• 202 days Could Crypto Overtake Traditional Investment?
  • 207 days Americans Still Quitting Jobs At Record Pace
  • 209 days FinTech Startups Tapping VC Money for ‘Immigrant Banking’
  • 212 days Is The Dollar Too Strong?
  • 212 days Big Tech Disappoints Investors on Earnings Calls
  • 213 days Fear And Celebration On Twitter as Musk Takes The Reins
  • 215 days China Is Quietly Trying To Distance Itself From Russia
  • 215 days Tech and Internet Giants’ Earnings In Focus After Netflix’s Stinker
  • 219 days Crypto Investors Won Big In 2021
  • 219 days The ‘Metaverse’ Economy Could be Worth $13 Trillion By 2030
  • 220 days Food Prices Are Skyrocketing As Putin’s War Persists
  • 222 days Pentagon Resignations Illustrate Our ‘Commercial’ Defense Dilemma
  • 223 days US Banks Shrug off Nearly $15 Billion In Russian Write-Offs
  • 226 days Cannabis Stocks in Holding Pattern Despite Positive Momentum
  • 227 days Is Musk A Bastion Of Free Speech Or Will His Absolutist Stance Backfire?
  • 227 days Two ETFs That Could Hedge Against Extreme Market Volatility
  • 229 days Are NFTs About To Take Over Gaming?
  • 230 days Europe’s Economy Is On The Brink As Putin’s War Escalates
  • 233 days What’s Causing Inflation In The United States?
  • 234 days Intel Joins Russian Exodus as Chip Shortage Digs In
  1. Home
  2. Markets
  3. Other

Paper Hangers

At a time when more and more offices are going paperless, governments in most of the developed world are doing the opposite. Finance ministers from Washington to London, Tokyo, Madrid, and, most pointedly, Athens, are attempting to paper over gaping financial chasms in the global economy by issuing ever greater quantities of currency and debt. But paper can only stretch so far.

The key problem facing the western world is the 80-year decline in central banking discipline. In truth, these banks have become little more than the private piggy banks of their parent governments. Often furtively, central banks have "bought" ever larger amounts of government debt, which has allowed a consequence-deferred spending spree. The result has been decades of apparent economic growth and prosperity.

To close these gaps, it is widely agreed that governments need to curtail spending, but that inclination is nowhere evident. In a television appearance last week, former Fed Chairman Alan Greenspan explained the predicament bluntly: "[Public] spending is untouchable."

It is increasingly evident to ordinary Americans that big government demands big spending, financed by big taxes and big issues of government debt, ultimately cleared by big printing presses. They want it stopped, but the politicians won't budge.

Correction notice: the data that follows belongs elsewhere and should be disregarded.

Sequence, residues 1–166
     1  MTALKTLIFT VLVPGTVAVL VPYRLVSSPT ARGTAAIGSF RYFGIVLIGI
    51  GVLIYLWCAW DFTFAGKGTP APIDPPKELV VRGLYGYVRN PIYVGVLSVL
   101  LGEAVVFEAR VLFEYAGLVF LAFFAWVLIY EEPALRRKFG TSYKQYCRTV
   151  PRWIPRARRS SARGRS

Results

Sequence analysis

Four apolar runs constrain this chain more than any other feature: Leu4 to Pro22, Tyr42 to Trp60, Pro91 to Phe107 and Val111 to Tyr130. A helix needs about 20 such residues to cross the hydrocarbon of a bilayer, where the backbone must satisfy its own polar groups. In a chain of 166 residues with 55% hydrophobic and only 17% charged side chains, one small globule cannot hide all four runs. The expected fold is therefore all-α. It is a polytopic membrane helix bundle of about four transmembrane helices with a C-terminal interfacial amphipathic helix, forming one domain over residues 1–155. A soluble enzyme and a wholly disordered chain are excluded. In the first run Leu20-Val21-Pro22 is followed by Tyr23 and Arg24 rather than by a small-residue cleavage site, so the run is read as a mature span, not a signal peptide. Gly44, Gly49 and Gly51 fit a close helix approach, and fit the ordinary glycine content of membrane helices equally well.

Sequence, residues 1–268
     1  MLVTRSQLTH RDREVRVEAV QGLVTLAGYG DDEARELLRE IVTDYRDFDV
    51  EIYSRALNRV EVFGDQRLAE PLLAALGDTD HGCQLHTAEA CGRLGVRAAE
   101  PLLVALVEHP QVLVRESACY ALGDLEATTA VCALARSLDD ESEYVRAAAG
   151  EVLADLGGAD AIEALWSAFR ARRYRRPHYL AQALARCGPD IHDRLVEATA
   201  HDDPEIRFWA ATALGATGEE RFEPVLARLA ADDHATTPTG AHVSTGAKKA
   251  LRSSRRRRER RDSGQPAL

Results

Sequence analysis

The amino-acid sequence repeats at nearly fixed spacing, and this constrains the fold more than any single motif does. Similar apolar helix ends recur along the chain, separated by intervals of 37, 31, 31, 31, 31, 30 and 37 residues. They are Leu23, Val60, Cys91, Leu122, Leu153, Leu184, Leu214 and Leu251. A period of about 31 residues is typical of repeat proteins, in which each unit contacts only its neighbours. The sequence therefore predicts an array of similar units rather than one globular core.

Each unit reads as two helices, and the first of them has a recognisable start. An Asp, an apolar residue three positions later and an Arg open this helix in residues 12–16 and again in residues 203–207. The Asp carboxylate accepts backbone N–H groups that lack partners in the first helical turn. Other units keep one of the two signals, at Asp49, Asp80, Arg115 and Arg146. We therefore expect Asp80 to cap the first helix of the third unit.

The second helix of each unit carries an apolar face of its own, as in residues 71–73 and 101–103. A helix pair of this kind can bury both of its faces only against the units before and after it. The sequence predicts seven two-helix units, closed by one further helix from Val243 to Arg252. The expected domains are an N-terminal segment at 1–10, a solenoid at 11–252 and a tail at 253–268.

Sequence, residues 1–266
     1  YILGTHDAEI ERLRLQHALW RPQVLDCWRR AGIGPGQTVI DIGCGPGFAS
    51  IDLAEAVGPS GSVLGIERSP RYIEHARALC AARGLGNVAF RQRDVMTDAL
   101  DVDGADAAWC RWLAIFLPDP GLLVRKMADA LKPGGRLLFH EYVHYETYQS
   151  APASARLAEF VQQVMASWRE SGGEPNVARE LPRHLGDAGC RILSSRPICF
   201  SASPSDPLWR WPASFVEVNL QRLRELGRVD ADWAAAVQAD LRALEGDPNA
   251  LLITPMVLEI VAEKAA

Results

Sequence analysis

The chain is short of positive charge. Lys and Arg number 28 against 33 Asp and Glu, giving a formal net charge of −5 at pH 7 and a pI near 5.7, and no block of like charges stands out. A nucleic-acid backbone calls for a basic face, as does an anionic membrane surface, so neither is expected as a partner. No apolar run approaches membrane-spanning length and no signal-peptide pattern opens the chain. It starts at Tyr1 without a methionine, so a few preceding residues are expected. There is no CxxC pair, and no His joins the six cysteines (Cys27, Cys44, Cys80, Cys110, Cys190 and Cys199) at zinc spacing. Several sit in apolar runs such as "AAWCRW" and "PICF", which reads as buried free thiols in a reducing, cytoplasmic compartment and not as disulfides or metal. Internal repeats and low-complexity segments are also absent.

Although this is clearly a problem, some have found a way to bury their heads in the sand. Early this week, Nobel Prize-winning economist Joseph Stiglitz said, "The likelihood of a default is so small, particularly in the United States, because all we do is print more to pay it back." Never does Stiglitz even consider that printing in such magnitude could have a downside. It is hard to imagine a more irresponsible view.

In the United States, the paper cascade has been dizzying. Paper debt from the originators of sub-prime mortgages, like Countrywide, became paper liabilities of larger institutions, like Bank of America, which, in turn, were rescued by yet more paper, issued by the U.S. Treasury. In addition, a growing number of irresponsible states, like California, are looking to the Treasury to issue still more paper, with which to rescue them.

America is not alone. In Europe, governments such as Portugal, Italy, Greece, Spain, France, and the United Kingdom have spent excessively and financed it with paper debt and debased currency. Now, there are urgent pleas for yet more paper to cover the cracks!

There seems to be no end to the amount of paper that politicians are prepared to print to fend off reality. But, in both America and Europe, financial markets and the people are rumbling.

Fifteen years ago, European bureaucrats introduced the euro currency on a fraudulent prospectus. Now, the people of Germany, and even Great Britain (which guaranteed an opt-out on the euro), are being pressured to pay for a bailout of the reckless Greek government. Needless to say, the citizenry is peeved. With additional sovereign bailouts likely, this popular reluctance may turn into civil opposition, if not unrest.

In America, recent Democrat reversals and the growth of the Tea Party movement indicate burgeoning popular discontent. In addition, last week's difficult Treasury auction of 10-year bonds could indicate the beginning of resistance in the international financial markets, as the U.S. government loses both political and financial credibility.

It appears that ordinary people in America and Europe increasingly believe that the paperless society should extend to their governments. Let's hope the politicians come around - before we're buried up to our necks.

For a more in-depth analysis of our financial problems and the inherent dangers they pose for the U.S. economy and U.S. dollar, read Peter Schiff's 2008 bestseller "The Little Book of Bull Moves in Bear Markets" and his newest release "Crash Proof 2.0: How to Profit from the Economic Collapse." Click here to learn more.

More importantly, don't let the great deals pass you by. Get an inside view of Peter's playbook with his new Special Report, "Peter Schiff's Five Favorite Investment Choices for the Next Five Years." Click here to download the report for free. You can find more free services for global investors, and learn about the Euro Pacific advantage, at www.europac.net.

 

Back to homepage

Leave a comment

Leave a comment